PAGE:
Behaviour: Your rational balanced thinking and resultant feelings cause you to react in positive ‘healthy’ ways. Examples:

  • You immediately tell Tom you feel he just snapped at you – maybe using humour – you ask if you’ve upset him in any way, or if he’s just ‘in the horrors’ – you ask if he’s OK. You attempt to cheer him up.
  • Alternatively you say nothing and ‘let it go’ and don’t let it affect your self-esteem – you don’t carry it around with you or use it as a stick to hit yourself with all day. You don’t feel Toms behaviour or attitude defines who you are and your value. And you don’t feel it defines who he is or his value – ergo you don’t feel the need to badmouth him to everybody else and obsess and plot to punish him for his behaviour.



Do you see how the same event can cause different feelings and behaviour depending on your ‘perception’ of the event and of yourself? If your core belief is that you are a worthless/inferior person, you’ll be more prone to the first scenario – whereas if you have a healthy acceptance of yourself (and others), and a belief that you’re a worthy individual, the second scenario is more likely.

Can you think of alternative scenarios? & reasons for Tom’s behaviour that are not all about you (personalisation)? Is it useful to  assume/mind read/or fortune tell? And, remember, even if somebody does have an unfavourable view of us (this will happen through our lives, not everybody will like and respect us), we don’t have to agree with them!  (See ‘common thinking errors‘ for a description of typical negative thinking styles.)

We can make it so that the second healthy thinking scenario is natural for us – with CBT!


Task: review the following basic CBT exercise to test the premise on yourself – go on, it’ll just take a few minutes…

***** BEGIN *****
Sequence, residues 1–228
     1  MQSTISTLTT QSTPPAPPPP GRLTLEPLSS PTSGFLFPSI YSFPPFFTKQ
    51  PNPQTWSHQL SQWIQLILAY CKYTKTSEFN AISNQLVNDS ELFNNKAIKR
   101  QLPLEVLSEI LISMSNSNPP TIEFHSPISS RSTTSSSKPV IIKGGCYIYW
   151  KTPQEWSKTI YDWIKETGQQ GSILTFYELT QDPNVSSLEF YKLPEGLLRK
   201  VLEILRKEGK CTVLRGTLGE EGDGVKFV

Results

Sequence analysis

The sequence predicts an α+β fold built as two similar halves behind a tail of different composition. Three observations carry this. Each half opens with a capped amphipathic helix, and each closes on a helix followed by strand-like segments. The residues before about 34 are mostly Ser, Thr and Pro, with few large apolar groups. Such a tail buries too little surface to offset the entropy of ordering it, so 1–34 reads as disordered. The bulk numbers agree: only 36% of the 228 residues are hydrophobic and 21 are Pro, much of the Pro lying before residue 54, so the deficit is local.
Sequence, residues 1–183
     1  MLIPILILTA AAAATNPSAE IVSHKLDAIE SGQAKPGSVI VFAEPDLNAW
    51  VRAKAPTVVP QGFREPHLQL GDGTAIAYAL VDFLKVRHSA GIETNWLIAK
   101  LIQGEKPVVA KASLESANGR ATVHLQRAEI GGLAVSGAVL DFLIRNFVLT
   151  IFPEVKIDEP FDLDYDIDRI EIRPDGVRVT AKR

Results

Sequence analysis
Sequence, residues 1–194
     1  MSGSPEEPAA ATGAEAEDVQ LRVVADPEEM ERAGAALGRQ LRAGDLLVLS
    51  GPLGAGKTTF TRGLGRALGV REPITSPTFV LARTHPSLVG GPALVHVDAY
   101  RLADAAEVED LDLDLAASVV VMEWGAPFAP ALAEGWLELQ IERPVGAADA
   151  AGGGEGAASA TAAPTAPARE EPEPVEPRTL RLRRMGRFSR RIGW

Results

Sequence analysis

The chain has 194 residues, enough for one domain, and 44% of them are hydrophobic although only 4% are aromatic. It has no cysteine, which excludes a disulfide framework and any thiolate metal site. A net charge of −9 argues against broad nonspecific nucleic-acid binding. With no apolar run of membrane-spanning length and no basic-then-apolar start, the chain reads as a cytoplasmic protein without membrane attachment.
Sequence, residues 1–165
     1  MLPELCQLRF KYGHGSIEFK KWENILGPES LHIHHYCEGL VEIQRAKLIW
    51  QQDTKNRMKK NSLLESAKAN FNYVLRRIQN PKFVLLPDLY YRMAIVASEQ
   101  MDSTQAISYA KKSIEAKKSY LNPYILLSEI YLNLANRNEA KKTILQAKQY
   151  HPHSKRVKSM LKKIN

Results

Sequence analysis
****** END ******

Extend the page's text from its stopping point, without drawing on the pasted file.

First: think of an occasion when you were very emotionally upset, when you were not happy with the way you felt or acted… then ask yourself the following questions :

•  What thoughts were you thinking? (exact ‘statement’ thoughts not vague descriptions)
•  What emotions were you feeling (eg stressed, anxious, jealous, angry etc. You can have several)
•  What was your body doing? (were there any physiological reactions to your emotions – butterflies, shaking etc?)
•  What did you do? (what was your behaviour, how did you act? in a way that made the situation better or worse?)

Second: think of an occasion when you were delighted with yourself – when you were thinking positively and behaved in a way that made you proud to be you… and then apply the above list of questions to that situation!


See the difference? Can you make useful observations? Do you agree that your thinking and perception and attitude causes your feelings and behaviour? You do? Great – CBT should work well for you then. Enjoy the journey!

One thought on “Do thoughts cause feelings and behaviours? A CBT view..

  1. Pingback: Using E.T.F.B model with agile techniques – How to make a continues desirable behavior change? - Who's the boss of me?

Post a comment here:

Fill in your details below or click an icon to log in: Logo

You are commenting using your account. Log Out /  Change )

Google photo

You are commenting using your Google account. Log Out /  Change )

Twitter picture

You are commenting using your Twitter account. Log Out /  Change )

Facebook photo

You are commenting using your Facebook account. Log Out /  Change )

Connecting to %s

This site uses Akismet to reduce spam. Learn how your comment data is processed.